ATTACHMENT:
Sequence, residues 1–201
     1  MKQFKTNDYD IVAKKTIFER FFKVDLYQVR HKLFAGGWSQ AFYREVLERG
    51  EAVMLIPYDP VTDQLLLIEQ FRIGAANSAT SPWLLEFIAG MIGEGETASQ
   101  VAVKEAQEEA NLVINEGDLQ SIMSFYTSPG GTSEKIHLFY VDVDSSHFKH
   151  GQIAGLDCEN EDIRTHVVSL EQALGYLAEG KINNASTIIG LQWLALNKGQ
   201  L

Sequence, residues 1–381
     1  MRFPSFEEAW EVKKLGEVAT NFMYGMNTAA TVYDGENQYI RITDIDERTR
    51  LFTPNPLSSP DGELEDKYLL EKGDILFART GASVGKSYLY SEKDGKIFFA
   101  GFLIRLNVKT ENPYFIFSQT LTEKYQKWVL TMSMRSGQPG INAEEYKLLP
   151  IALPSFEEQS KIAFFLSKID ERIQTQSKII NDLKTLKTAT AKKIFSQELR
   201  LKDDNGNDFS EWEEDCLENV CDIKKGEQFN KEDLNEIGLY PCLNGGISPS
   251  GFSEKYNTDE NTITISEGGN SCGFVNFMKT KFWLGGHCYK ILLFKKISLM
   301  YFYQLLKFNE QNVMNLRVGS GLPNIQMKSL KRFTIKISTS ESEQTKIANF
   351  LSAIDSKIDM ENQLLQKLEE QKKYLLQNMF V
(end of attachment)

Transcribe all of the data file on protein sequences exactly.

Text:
Sequence, residues 1–201
     1  MKQFKTNDYD IVAKKTIFER FFKVDLYQVR HKLFAGGWSQ AFYREVLERG
    51  EAVMLIPYDP VTDQLLLIEQ FRIGAANSAT SPWLLEFIAG MIGEGETASQ
   101  VAVKEAQEEA NLVINEGDLQ SIMSFYTSPG GTSEKIHLFY VDVDSSHFKH
   151  GQIAGLDCEN EDIRTHVVSL EQALGYLAEG KINNASTIIG LQWLALNKGQ
   201  L

Sequence, residues 1–381
     1  MRFPSFEEAW EVKKLGEVAT NFMYGMNTAA TVYDGENQYI RITDIDERTR
    51  LFTPNPLSSP DGELEDKYLL EKGDILFART GASVGKSYLY SEKDGKIFFA
   101  GFLIRLNVKT ENPYFIFSQT LTEKYQKWVL TMSMRSGQPG INAEEYKLLP
   151  IALPSFEEQS KIAFFLSKID ERIQTQSKII NDLKTLKTAT AKKIFSQELR
   201  LKDDNGNDFS EWEEDCLENV CDIKKGEQFN KEDLNEIGLY PCLNGGISPS
   251  GFSEKYNTDE NTITISEGGN SCGFVNFMKT KFWLGGHCYK ILLFKKISLM
   301  YFYQLLKFNE QNVMNLRVGS GLPNIQMKSL KRFTIKISTS ESEQTKIANF
   351  LSAIDSKIDM ENQLLQKLEE QKKYLLQNMF V